Anti-inflammatory drugs are useful for reducing or even blocking the inflammation that occurs in osteoarthritis during congestive flare-ups.
In this case they are very useful as it has been proven that during congestive flare-ups there is a very high risk of cartilaginous damage. The faster these flare-ups are kept in check the more it will be possible to limit damage to the joint.
There are two types: steroidal anti-inflammatory drugs which are derived from cortisone and non-steroidal anti-inflammatory drugs or NSAIDs which do not contain any. The first are only used in osteoarthritis locally when they are injected directly into the joint.
There are many NSAIDs and nearly all of them can be used in treating osteoarthritis.
Their use is reserved to treating the inflammatory flare-ups of osteoarthritis. Hence, they should always be prescribed for a short amount of time, in general no longer than 10 days. No NSAIDs are more effective than others per se.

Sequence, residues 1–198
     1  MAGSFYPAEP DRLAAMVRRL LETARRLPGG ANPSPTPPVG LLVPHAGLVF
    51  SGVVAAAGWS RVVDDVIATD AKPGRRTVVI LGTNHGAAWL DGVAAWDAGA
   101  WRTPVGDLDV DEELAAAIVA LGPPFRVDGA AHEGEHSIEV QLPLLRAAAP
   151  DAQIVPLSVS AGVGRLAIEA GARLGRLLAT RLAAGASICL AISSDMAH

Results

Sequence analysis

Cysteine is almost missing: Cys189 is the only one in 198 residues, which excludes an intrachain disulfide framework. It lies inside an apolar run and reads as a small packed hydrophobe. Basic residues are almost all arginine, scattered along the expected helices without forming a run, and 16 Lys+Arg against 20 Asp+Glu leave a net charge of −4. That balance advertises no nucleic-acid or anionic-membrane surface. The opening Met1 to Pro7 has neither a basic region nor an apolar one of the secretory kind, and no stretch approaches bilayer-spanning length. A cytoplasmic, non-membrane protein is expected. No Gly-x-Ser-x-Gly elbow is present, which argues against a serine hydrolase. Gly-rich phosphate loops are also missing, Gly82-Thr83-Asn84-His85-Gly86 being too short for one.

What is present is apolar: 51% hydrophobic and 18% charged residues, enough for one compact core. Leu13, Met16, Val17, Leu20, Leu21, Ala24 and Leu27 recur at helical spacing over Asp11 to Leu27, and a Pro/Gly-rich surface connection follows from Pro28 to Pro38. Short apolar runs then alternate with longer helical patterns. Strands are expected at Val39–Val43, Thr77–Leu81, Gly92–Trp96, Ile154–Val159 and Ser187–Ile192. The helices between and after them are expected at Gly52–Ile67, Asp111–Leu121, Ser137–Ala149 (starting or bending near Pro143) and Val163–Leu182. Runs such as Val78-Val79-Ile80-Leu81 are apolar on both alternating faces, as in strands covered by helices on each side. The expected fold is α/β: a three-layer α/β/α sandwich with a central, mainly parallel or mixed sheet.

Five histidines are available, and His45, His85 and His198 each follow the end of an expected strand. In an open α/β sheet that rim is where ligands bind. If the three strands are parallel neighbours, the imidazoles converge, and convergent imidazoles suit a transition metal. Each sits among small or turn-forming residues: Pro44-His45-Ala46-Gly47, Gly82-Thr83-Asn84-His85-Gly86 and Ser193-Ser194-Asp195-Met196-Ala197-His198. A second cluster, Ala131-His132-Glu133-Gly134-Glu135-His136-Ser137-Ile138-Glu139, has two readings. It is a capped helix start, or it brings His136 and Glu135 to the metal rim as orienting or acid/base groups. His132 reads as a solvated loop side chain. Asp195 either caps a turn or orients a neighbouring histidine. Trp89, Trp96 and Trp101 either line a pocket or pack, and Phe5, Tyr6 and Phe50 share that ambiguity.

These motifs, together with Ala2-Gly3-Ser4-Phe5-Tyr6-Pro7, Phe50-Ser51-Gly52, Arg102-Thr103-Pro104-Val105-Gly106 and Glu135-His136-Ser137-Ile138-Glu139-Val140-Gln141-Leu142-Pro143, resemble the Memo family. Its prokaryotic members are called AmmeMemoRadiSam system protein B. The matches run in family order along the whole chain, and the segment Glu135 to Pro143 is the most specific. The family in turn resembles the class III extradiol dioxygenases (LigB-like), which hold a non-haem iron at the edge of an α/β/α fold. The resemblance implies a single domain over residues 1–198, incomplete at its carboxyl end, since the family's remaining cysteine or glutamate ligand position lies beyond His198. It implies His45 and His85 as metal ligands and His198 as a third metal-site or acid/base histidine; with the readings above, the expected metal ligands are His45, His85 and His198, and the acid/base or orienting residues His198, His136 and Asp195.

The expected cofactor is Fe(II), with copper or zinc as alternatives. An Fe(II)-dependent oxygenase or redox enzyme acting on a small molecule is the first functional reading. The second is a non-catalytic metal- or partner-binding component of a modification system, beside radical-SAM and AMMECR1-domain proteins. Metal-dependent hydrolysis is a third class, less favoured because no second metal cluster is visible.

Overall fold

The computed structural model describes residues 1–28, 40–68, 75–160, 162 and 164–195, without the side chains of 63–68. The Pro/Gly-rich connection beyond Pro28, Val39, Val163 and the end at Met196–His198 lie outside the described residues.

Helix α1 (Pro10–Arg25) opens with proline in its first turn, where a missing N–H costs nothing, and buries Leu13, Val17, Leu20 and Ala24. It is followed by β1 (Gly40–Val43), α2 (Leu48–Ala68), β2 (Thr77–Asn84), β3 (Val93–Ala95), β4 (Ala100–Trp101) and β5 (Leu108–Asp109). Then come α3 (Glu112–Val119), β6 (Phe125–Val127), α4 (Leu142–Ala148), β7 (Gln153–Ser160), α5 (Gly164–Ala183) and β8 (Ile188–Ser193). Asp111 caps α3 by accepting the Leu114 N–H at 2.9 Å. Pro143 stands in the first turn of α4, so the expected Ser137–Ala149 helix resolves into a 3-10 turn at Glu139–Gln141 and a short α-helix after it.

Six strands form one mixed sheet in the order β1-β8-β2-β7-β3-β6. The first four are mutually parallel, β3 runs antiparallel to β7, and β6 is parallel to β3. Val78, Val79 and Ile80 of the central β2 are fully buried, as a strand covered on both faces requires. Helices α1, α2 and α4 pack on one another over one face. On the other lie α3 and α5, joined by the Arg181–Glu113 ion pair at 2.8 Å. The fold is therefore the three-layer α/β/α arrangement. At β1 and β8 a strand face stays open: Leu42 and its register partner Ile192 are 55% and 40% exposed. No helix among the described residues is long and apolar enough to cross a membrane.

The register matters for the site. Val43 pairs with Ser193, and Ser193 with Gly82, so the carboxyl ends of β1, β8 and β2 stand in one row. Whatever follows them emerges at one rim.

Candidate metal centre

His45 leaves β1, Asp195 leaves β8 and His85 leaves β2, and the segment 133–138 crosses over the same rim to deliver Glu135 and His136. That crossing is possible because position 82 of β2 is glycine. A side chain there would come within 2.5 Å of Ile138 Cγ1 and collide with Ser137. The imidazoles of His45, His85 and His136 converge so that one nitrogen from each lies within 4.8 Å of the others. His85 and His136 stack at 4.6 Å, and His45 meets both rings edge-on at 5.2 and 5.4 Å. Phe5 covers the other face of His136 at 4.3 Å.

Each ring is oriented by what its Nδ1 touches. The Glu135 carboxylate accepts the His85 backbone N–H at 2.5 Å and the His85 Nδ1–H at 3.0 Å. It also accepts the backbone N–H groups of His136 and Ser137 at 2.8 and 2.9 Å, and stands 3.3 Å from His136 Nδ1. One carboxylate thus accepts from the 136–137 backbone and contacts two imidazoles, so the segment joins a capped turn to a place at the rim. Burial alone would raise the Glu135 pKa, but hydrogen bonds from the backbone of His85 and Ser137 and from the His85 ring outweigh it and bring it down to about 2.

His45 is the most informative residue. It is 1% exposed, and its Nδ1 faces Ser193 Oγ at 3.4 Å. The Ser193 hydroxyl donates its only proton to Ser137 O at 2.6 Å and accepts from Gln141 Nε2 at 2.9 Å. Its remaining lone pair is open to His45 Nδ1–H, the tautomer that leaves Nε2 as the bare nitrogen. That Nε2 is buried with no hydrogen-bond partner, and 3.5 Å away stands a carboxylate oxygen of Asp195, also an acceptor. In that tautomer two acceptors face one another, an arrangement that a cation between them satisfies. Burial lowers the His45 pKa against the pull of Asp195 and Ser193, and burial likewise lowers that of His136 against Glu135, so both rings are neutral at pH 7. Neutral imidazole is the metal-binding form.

Indeed, it is undeniable that each individual person has his or her sensitivities so certain NSAIDs will be more effective in some and less effective in others.
In all events, only your doctor is qualified to decide which treatment is best suited to you.
NSAIDs are well-known for causing digestive problems and, in particular, for the development of ulcers. This is an undeniable risk, in particular with the elderly and with patients who already have an ulcer.
In the same way, smoking and alcohol consumption increase this digestive risk.
You need to be aware that this risk is not associated with taking the drug orally and that the risk exists even with NSAIDs dispensed in the form of suppositories or intramuscular injections. However, it is possible to control this risk because drugs that protect the stomach can be prescribed with the NSAIDs for people at risk. Lastly, you need to keep in mind that the risks are compensated by the very real effectiveness of these drugs. In addition, there are new generation NSAIDs: coxibs. Because of their special action mechanism these drugs are just as effective as the classic NSAIDs and they have the advantage of being better tolerated by the stomach.
There are other potential side effects: allergies, impaired kidney function, coagulation disorder.
You doctor is fully aware of the side effects of NSAIDs and only he or she can judge whether it is necessary for you to take them.
Never combine two anti-inflammatory drugs at the same time and inform your doctor if you are taking aspirin: this combination should also be avoided. Never take anti-inflammatory drugs on your own initiative without talking to your doctor beforehand.